Months of public backlash ensued—including damning public letters from prominent organizations. And just last week, the EPA announced that it would push back the demise of the archive until July 2023.

News of this welcome reprieve for the EPA digital archive raises a significant question: Why continue with plans to shut it down at all? Postponement does not resolve the eventual damage to government transparency and historical record keeping that the archive’s demise will create. And the concerns of organizations opposed to closure will not be satisfied by an additional year of operation.

Is there a case to be made that this vital resource’s reprieve should be a permanent one?

A copyright lawsuit threatens to kill free access to Internet Archive’s library of books

Read the full story in Popular Science.

Internet Archive, a non-profit digital library and a massive repository of online artifacts, has been collecting mementos of the ever-expanding World Wide Web for over two decades, allowing users to revisit sites that have since been changed or deleted. But like the web, it too has evolved since its genesis, and in the aughts, it also began to offer a selection of ebooks that any internet user can check out with the creation of a free account. 

That latter feature has gotten the organization in some trouble. Internet Archive was sued by a suite of four corporate publishers in 2020 over copyright controversies—with one side saying that what Internet Archive does is preservation, and the other saying that it’s piracy, since it freely distributes books as image files without compensating the author. 

Last week, the ongoing case entered a new chapter as the nonprofit organization filed a motion for summary judgment, asking a federal judge to put a stop to the lawsuit, arguing that their Controlled Digital Lending program “is a lawful fair use that preserves traditional library lending in the digital world” since “each book loaned via CDL has already been bought and paid for.” On Friday, Creative Commons issued a statement supporting Internet Archive’s motion. 

Methods in Ecology and Evolution to become a fully open access journal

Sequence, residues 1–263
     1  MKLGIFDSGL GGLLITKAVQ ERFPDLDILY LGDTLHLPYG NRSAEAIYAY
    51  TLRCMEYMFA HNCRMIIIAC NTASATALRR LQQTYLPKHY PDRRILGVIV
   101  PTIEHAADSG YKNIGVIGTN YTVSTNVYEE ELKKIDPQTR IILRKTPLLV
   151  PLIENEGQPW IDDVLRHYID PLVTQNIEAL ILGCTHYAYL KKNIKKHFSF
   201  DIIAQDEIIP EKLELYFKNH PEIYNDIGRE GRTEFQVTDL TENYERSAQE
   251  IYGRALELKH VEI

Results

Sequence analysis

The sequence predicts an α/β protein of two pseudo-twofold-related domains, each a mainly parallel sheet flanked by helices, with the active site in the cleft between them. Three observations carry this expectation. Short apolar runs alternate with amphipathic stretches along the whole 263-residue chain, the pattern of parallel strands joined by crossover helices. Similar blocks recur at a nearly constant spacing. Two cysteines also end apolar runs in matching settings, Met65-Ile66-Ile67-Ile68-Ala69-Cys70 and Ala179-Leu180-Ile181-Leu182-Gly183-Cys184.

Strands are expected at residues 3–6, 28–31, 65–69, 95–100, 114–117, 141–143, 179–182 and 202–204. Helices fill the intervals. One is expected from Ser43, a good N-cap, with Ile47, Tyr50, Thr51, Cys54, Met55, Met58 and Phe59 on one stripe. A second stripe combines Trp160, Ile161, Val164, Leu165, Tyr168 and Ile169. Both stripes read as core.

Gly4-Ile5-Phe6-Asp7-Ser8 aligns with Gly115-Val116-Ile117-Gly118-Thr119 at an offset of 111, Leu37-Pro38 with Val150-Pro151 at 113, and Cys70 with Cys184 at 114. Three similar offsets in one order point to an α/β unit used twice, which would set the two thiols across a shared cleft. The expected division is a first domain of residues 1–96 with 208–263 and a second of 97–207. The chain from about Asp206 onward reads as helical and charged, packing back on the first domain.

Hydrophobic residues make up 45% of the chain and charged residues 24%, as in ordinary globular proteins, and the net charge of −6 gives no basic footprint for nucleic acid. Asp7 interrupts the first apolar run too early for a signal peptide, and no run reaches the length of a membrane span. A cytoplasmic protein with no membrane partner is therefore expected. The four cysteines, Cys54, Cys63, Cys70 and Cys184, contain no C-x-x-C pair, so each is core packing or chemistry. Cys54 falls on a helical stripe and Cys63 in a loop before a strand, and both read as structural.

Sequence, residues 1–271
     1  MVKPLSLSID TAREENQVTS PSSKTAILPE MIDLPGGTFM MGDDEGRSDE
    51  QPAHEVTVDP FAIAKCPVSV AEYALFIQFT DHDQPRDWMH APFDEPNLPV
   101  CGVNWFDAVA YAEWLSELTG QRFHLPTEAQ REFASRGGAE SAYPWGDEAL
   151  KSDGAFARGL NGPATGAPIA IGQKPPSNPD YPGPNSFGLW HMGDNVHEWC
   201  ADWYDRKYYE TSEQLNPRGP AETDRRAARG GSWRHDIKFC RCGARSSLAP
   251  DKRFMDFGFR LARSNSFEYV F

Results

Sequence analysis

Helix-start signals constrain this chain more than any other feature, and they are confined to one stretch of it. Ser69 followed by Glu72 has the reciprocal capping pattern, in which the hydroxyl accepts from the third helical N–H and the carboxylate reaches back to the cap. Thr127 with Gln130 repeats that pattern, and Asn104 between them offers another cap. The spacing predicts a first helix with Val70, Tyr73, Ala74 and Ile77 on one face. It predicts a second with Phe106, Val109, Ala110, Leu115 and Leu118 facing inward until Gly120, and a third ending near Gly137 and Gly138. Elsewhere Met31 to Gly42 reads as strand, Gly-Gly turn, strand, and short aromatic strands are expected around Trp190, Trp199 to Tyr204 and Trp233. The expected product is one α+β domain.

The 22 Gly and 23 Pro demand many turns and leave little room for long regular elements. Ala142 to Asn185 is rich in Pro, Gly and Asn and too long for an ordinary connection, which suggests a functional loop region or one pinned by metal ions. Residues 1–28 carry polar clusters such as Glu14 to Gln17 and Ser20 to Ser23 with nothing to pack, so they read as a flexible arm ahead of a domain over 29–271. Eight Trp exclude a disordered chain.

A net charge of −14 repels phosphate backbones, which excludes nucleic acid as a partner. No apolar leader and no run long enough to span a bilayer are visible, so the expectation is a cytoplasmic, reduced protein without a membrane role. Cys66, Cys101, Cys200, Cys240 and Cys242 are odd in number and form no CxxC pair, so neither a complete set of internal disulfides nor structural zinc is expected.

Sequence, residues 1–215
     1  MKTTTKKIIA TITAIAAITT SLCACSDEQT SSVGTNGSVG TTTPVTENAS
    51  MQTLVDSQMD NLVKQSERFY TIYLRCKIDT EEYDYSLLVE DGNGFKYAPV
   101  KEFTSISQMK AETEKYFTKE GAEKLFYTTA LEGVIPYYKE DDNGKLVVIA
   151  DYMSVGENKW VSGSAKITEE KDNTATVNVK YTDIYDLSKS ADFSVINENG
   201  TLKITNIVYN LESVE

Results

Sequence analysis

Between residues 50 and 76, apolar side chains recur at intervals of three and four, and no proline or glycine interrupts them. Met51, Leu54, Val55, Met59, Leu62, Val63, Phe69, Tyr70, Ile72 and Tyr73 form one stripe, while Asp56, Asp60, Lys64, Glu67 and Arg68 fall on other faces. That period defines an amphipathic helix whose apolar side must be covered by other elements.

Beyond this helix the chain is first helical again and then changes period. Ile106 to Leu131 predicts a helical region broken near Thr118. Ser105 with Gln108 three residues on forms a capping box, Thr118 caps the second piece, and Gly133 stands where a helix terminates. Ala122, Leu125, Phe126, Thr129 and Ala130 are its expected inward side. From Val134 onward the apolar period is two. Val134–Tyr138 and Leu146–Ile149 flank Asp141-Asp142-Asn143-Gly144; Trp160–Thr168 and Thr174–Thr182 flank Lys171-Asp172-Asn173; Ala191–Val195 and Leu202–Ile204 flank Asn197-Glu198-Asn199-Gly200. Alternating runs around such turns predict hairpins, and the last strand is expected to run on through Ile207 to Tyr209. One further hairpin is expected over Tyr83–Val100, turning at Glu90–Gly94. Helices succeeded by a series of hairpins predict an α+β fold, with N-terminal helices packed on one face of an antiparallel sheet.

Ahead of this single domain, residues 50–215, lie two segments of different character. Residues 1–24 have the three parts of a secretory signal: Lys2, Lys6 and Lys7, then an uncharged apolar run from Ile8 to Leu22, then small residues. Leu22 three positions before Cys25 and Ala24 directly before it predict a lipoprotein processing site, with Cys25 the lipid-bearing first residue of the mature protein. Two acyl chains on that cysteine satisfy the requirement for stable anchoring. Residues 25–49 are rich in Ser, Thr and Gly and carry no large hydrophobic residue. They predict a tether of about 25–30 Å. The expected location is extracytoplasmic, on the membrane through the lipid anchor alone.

Read the full story from the British Ecological Society.

The British Ecological Society has today announced that one of its youngest journals, Methods in Ecology and Evolution, will become a fully open access publication from January 2023.

Frontiers is first publisher to join ‘Stick to Science’ initiative

Read the full story at Research Information.

Frontiers has become the first publisher to join the ‘Stick to Science’ initiative to support open scientific collaboration.  

Initiated by Universities UK, Swiss Federal Institute of Technology Lausanne (EPFL), public research university ETH Zurich, the ETH Board, Wellcome and The Royal Society, the ‘Stick to Science’ campaign calls for an open, inclusive, and collaborative research and innovation landscape in Europe that is free from political barriers.

The initiative comes off the back of uncertainties over the UK and Switzerland’s participation in Horizon Europe, the EU’s €95.5 billion research and innovation program. The UK’s relationship with Horizon Europe remains trapped in post-Brexit arrangements, while Switzerland is locked out of parts of the program, pending further government talks. In both cases, efficient science collaboration continues to be stalled by politics.   

Switzerland and the UK, two of the best performing science systems in the world, are long-standing and academically important partners in Europe’s research and innovation landscape. However, some of the best minds of the British and Swiss institutions are currently unable to fully and efficiently contribute to Europe’s science and research as a result of the ongoing uncertainty.  These circumstances are hindering some of Europe’s top scientists from working together to tackle looming global challenges such as climate change, pandemics, sustainability, energy and food security.  

EU science ministers agree on research assessment reform

Read the full story at Science Business.

EU science ministers today signed off an agreement backing research assessment reform in Europe, alongside conclusions on open science, international cooperation and Horizon Europe missions.

In a meeting in Luxembourg, the 27 ministers acknowledged it’s time for the EU to revamp how it evaluates research, putting more weight into the quality of research outcomes rather than qualitative indicators such as journal impact factors and number of citations.

Ministers acknowledged that national research organisations are already taking steps to improve they way they assess research, the reforms do not happen fast enough, and efforts remain fragmented.